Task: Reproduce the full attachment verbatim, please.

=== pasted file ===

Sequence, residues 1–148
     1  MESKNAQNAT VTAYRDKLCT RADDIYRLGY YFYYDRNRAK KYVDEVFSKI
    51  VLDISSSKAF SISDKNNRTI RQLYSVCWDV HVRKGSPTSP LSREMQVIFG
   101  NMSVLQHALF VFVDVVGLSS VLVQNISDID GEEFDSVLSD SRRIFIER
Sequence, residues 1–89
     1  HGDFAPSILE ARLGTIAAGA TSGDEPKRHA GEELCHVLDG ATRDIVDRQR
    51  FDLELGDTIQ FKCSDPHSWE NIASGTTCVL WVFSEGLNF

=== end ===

Sequence, residues 1–148
     1  MESKNAQNAT VTAYRDKLCT RADDIYRLGY YFYYDRNRAK KYVDEVFSKI
    51  VLDISSSKAF SISDKNNRTI RQLYSVCWDV HVRKGSPTSP LSREMQVIFG
   101  NMSVLQHALF VFVDVVGLSS VLVQNISDID GEEFDSVLSD SRRIFIER
Sequence, residues 1–89
     1  HGDFAPSILE ARLGTIAAGA TSGDEPKRHA GEELCHVLDG ATRDIVDRQR
    51  FDLELGDTIQ FKCSDPHSWE NIASGTTCVL WVFSEGLNF